The engine punches with silken smoothness – it’s never jerky – and response is instant. It’s also incredibly quiet, as eerily silent as an electric motor. Only when accelerating hard does some faint induction slurp betray its internal combustion.
On the move, this is probably the quietest car that’s ever laid tyre to tarmac. It’s a leather-lined library in the fast lane, as silent as a cathedral and as imposing as one, too. The loudest noise is no longer the ticking of the clock, as famously claimed on older Rolls-Royces as the clock is now electric. Rather, it’s the shuffling of your hands on the (thicker) leather steering rim. The silence is so complete that some engineers were concerned it may be too quiet. It almost feels unnatural.
It’s not just the silken V12 that’s responsible. There’s a whopping 130kg of sound deadening to silence any pesky groans or whines, and the tyres are foam filled and sealed to mute any tyre cavity thrum.
Great in the back seat, surprisingly good up front too
The cabin is wonderful. The finest leathers (from beefy Bavarian bulls), lovely wood veneers from Africa, South America, Italy, China and California, and made-in-England lamb’s wool carpets. Rear wood marquetry picnic tables pop down, just as high-res screens pop up, tech meets trad. A drinks cabinet is neatly packaged in the leather and wood lined central armrest, with coolbox and twin champagne flutes (although, disappointingly on our test car, the bubbly on offer was sparkling water). The headrests are pillow-soft, the rear seats – individual or loungechair, you choose – are expansive and cossetting.
Entry and exit are by vast rear-hinged doors, all the better for the rear-seat ‘patron’ – as Rolls-Royce quaintly refers to its customers – to make an impact on arrival. Naturally, the big rear pillar neatly hides the patron’s face, until he or she leans forward to reveal his or her visage to the curious world.
Every Phantom will be customised to some extent – there is really no such thing as a ‘standard’ specification. There are so many splendid details, such as the starlight headliner – its LEDs can twinkle, or concentrate light for map reading. Perhaps the most novel new sign of bespokery is the ‘gallery’. This replaces much of the dashboard with a glass-covered display area, behind which the ‘patron’ can commission his or her own artwork. It could be made from silk, metal work, porcelain or be an oil painting. Or whatever else patron desires.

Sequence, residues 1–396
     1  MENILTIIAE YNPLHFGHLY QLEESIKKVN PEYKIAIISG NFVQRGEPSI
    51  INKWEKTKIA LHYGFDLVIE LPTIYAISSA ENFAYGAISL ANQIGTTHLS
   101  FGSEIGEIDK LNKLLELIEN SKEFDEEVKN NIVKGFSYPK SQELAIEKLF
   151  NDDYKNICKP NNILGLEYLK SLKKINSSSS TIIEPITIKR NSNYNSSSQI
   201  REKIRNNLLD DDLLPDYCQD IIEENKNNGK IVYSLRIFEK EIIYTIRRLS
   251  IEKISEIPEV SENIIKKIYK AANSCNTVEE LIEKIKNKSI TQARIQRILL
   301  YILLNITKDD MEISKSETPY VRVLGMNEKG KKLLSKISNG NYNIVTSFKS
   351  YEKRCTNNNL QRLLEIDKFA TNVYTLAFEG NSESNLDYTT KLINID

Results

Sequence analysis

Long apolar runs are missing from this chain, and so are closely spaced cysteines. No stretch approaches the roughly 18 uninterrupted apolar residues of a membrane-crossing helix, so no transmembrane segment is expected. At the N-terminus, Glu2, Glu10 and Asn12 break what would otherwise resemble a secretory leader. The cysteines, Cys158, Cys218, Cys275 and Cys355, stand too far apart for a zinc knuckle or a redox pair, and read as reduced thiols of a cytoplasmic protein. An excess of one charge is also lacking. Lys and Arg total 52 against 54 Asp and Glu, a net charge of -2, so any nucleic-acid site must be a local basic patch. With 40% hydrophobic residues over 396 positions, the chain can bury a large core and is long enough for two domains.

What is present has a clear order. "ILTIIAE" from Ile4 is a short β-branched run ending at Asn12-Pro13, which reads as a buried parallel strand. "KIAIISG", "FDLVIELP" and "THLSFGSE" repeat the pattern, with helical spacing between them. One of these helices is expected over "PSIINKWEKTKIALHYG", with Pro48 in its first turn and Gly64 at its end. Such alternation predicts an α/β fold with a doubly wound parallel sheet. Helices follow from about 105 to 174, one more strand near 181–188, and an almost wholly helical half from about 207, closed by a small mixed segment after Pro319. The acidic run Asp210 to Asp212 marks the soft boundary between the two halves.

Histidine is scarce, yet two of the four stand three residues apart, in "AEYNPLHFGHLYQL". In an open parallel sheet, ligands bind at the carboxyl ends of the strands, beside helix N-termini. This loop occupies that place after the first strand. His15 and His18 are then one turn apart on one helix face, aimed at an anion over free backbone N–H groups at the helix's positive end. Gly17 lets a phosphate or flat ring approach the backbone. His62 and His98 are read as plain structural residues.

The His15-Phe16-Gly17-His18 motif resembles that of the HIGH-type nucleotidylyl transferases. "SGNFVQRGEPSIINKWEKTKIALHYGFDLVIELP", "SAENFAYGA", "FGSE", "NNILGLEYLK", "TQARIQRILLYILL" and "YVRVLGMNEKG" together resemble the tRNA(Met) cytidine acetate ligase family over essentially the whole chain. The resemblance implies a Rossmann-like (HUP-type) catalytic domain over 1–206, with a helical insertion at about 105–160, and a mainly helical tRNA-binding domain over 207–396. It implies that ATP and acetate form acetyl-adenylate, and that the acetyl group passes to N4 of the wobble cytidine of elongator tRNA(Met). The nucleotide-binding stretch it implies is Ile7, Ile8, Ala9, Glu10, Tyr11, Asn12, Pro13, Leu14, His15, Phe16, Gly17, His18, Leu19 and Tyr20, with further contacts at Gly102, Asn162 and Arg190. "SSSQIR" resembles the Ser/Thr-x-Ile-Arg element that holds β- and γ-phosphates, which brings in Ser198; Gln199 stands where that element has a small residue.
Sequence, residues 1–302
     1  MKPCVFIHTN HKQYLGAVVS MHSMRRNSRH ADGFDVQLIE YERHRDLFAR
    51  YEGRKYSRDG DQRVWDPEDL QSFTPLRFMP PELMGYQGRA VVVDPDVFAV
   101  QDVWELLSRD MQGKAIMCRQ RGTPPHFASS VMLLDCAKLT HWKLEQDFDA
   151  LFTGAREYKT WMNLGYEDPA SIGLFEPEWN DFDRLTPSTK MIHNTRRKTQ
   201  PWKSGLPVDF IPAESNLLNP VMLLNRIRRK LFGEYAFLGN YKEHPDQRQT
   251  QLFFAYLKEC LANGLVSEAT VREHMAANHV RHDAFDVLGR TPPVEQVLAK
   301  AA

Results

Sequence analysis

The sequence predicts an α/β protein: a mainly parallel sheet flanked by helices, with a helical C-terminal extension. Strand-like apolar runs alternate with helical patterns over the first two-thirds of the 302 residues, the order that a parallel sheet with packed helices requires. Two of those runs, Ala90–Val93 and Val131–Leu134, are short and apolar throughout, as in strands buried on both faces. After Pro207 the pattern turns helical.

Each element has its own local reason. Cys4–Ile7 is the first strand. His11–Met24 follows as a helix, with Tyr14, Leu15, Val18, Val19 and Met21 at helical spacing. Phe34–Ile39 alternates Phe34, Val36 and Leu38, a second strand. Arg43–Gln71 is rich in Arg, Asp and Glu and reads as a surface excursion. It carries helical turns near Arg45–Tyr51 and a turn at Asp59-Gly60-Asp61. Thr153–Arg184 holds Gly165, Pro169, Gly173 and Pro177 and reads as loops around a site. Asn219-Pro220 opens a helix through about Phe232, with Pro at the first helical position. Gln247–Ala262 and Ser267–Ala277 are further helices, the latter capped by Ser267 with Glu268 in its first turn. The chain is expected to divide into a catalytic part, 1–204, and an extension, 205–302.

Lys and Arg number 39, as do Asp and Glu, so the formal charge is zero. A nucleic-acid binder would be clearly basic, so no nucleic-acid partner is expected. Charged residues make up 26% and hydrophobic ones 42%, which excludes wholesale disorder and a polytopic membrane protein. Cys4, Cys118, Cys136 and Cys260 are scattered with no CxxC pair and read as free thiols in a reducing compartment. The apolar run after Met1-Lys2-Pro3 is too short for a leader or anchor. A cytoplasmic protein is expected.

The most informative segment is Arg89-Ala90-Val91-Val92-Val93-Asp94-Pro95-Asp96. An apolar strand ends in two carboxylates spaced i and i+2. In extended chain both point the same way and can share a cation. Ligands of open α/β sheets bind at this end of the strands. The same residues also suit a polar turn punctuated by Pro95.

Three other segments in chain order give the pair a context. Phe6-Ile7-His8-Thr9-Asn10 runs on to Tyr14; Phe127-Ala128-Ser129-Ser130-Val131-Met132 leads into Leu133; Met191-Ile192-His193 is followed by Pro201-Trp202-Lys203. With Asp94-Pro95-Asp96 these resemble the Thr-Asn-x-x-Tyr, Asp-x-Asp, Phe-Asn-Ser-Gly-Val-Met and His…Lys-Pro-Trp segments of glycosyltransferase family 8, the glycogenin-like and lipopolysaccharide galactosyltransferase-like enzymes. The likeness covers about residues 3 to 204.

And to drive? For such a vast and heavy car, it’s surprisingly good. The steering is light but precise – you can punt this car down a winding road with amazing elan, relishing the on-demand torque (I even found myself missing paddle shifters). Maybe lateral seat support could be better – but not let’s pretend it’s a sports saloon. Rather, the Flying Lady can lift her skirts, and run hard, when you want her to.
Best luxury saloon car in the world? Yes, and by some margin.
The Bentley Mulsanne and top-end Maybach version of the Mercedes S-class don’t even come close to the Phantom’s astonishingly blend of comfort, opulence, craftsmanship and sheer presence.
Mind you, at £360,000, the Phantom’s price is way north of anything Bentley or Mercedes can offer. Few people will ‘only’ spend £360K on their Phantom, either. All will customise to some extent, easily inflating the price to well over £400,000. Many will spend more than a million pounds, says Anglophile CEO Torsten Müller-Ötvös.